Well unfortunately, I have no industry experience with these methods so I can't enlighten you on my experience; but I can certainly fabricate it if it makes you feel any better. Experience, really? All you need to know is the technical jargon that is the scientific language, and the general aptitude to learn a new skill. Well that's how I feel about it anyway. Good look [sic] finding your perfect candidate.

 

That candidate was immediately dropped, as you might expect. Who wants to hire someone without the necessary time spent using very specific skills, especially if they out and out LIE and say they are willing to continue lying?! Would you want this person on your team, with, for example, tight deadlines and high levels of regulatory compliance necessary?

 

Of course not. Unethical, argumentative people are not considered serious candidates. And if your industry is a small one, word will get around about avoiding you. On the contrary, if you do a good search and are hired, once you’re inside, you can make the case for how job requirements should be adjusted.

 

So EVEN IF you think what the employer is asking for is not valid for the job, EVEN IF you think what they say they want for the position is not really needed, EVEN IF it’s accepted industry-wide that “knowing technical jargon” is all you need, you DO NOT insult the hiring manager or their company. You behave as an adult, answering application questions truthfully and professionally.

Or you don’t apply there at all.

Networking for the Shy

If you’re a shy or introverted type of person, or you become that way in some situations, you probably feel in the minority in our extrovert-dominated culture. And you’re being advised to “network, network, network” in your job search, but your image of this is that you’re going to have to completely change your personality to do so.

 

Not so! Sure, it does help if you are sociable and initiate contact, but even extroverts get the butterflies. So what can you, the shy or introverted person, do?

 

First: Your mindset

Remember that networking DOES help you get around hurdles in your job search, so doing some outreach will only help you. Remember what it was like to learn how to drive, and how awkward it was at first? Yet you badly wanted the independence and status it would give you, so you went through the pain of learning and practicing, and got good at it. It’s the same with networking: a bit awkward at first but after a few tries, you’ll feel much more comfortable.

 

Some things to do

  1. Start small, building one success on top of another. Don’t start by thinking, “I’m going to walk right up to Jack Welch and introduce myself”, but instead, choose another lone person in the room and approach him/her. He/she will be grateful and will probably greet you warmly! Approach groups only if you are expected to or if you know someone in the group.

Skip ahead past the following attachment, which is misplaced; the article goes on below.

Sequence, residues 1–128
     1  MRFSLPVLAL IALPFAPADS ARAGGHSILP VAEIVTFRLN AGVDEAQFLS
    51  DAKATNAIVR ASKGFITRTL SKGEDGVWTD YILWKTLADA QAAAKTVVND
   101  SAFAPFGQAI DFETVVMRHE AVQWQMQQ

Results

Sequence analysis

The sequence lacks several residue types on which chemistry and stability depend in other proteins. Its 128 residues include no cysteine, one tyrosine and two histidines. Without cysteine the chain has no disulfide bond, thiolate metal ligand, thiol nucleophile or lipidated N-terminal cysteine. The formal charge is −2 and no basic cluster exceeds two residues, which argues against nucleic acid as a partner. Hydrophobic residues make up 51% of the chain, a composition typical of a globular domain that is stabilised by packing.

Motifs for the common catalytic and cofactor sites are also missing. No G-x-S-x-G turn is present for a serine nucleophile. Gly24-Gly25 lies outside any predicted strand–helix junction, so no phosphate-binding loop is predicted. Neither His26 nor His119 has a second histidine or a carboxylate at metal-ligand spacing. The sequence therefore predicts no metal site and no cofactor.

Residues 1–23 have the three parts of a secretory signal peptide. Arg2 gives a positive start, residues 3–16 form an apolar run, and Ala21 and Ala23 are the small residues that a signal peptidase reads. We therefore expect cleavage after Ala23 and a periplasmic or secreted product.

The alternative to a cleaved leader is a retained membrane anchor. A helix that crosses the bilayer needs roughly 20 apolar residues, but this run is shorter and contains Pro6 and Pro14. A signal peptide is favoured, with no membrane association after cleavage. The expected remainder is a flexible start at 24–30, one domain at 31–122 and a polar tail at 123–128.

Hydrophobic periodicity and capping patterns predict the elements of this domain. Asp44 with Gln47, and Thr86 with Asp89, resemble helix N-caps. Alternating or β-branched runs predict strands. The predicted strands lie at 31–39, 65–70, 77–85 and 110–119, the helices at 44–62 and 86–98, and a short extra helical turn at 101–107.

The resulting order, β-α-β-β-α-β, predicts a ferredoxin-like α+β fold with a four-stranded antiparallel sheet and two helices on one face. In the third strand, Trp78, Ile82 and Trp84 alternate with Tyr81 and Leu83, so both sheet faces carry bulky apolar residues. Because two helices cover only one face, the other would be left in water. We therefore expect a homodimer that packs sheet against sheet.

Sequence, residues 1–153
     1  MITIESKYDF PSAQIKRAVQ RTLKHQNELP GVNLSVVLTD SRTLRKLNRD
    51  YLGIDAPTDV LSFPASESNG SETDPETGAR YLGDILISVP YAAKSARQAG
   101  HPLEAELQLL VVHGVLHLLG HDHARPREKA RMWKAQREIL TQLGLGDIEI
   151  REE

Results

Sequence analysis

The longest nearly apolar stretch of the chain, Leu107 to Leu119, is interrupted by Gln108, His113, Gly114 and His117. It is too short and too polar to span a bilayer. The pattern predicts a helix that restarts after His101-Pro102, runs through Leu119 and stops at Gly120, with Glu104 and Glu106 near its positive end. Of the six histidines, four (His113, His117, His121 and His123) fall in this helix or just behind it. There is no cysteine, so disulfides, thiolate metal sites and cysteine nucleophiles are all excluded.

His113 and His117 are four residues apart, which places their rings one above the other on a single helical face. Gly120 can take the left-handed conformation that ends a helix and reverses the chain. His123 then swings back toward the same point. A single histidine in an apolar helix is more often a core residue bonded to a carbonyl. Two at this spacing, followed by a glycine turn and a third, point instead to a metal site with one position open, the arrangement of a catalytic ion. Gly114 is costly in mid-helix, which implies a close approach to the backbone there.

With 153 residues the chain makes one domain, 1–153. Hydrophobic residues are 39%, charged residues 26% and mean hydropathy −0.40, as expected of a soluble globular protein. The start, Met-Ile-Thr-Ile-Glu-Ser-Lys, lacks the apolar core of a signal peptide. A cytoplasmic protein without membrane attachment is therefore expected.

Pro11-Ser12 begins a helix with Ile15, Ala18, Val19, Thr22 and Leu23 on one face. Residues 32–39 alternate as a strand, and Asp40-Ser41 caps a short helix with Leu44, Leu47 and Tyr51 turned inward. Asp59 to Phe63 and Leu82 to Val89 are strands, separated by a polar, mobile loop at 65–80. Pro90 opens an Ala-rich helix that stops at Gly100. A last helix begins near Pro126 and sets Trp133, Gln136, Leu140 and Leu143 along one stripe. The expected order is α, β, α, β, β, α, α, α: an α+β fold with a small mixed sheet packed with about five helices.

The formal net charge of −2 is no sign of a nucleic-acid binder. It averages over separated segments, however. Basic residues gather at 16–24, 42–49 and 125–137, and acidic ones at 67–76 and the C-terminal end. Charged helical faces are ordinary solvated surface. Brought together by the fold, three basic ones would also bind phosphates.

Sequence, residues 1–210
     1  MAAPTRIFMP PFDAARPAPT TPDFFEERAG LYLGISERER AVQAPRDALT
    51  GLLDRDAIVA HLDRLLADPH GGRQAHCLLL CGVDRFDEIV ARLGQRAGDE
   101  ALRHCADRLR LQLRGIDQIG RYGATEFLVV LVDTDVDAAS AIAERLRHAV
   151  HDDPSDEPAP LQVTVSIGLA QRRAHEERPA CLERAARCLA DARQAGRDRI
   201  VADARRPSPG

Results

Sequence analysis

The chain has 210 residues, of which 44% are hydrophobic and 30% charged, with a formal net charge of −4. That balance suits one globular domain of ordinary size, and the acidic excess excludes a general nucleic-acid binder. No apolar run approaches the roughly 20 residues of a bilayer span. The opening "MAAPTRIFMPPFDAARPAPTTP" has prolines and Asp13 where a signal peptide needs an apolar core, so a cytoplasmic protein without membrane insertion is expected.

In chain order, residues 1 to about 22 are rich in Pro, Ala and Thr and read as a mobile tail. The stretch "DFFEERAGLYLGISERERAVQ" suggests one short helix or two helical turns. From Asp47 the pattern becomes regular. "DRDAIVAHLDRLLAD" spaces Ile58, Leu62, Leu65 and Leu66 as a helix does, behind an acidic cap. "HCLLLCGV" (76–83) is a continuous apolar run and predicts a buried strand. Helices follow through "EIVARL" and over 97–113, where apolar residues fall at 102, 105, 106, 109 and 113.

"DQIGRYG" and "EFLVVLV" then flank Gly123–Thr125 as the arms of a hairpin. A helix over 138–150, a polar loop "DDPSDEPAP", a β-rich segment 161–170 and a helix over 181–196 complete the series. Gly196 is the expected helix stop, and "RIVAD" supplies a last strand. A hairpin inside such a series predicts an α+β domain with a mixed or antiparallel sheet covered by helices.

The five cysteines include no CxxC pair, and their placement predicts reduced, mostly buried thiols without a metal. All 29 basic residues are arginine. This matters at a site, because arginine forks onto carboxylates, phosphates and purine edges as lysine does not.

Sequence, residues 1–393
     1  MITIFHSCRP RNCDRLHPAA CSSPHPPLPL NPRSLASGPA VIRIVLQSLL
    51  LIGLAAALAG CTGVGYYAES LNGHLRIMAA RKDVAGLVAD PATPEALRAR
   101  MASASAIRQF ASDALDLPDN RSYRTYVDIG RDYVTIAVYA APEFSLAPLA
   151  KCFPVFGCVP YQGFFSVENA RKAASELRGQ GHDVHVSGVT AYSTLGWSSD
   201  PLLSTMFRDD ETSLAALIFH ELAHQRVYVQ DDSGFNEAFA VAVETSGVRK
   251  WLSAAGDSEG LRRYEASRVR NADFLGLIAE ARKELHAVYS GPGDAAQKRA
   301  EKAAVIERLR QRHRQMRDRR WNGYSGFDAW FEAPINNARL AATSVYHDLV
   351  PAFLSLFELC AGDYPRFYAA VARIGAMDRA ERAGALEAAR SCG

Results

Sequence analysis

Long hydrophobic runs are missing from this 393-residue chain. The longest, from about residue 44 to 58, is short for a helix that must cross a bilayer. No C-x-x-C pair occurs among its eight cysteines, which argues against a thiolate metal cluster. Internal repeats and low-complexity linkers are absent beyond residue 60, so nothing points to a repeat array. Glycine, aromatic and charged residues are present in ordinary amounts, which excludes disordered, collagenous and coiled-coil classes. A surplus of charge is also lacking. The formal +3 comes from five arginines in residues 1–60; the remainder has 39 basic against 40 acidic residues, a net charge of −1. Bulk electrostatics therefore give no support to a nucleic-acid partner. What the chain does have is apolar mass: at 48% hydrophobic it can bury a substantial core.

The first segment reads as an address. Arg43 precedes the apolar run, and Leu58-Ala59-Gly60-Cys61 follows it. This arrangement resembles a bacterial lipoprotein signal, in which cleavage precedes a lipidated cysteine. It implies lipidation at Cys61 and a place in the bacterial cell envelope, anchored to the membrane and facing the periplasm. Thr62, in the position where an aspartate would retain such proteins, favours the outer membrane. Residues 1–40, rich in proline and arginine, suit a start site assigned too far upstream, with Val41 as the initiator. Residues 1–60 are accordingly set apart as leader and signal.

2. Focus on the other person. Ask them questions and really listento the answers. If the other person isn’t working right now, what are some of their target companies? If they areworking, what do they like most about their job? How did they get to this point in their career? What’s new and exciting in their field? If it’s horrible weather out, take advantage of it and comment on that, as an icebreaker. If you’ve read something recently that they’d be interested in, mention it and follow up with them with a link to the article.
  3. Volunteer to work at the sign-in table at events. This way you’ll get to meet everyone as they come in, one-on-one.
  4. Join small groups or committees, whether they’re job search-related or not. You never know who you’ll get talking with and who might say “Get me a copy of your resume”.
  5. If you find that someone wants to meet another person in the room and you know them, introduce the two of them. They will be forever in your debt.
  6. Follow up and stay in touch. Catching up with a contact at your next professional organization meeting is an effective (and efficient) way of staying in touch.
  7. Publish an article or make a speech. Sometimes people feel all right about speaking if their notes are prepared, so if that’s the case for you, do it. Afterward, people will approach you to talk. Publishing articles will also generate speaking engagements.

So give those a try, and let me know how you do!